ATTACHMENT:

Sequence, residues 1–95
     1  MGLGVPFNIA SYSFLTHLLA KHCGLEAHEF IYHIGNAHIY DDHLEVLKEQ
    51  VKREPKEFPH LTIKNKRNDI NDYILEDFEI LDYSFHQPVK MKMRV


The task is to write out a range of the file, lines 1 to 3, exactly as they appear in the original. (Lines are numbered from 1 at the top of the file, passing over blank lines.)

Sequence, residues 1–95
     1  MGLGVPFNIA SYSFLTHLLA KHCGLEAHEF IYHIGNAHIY DDHLEVLKEQ
    51  VKREPKEFPH LTIKNKRNDI NDYILEDFEI LDYSFHQPVK MKMRV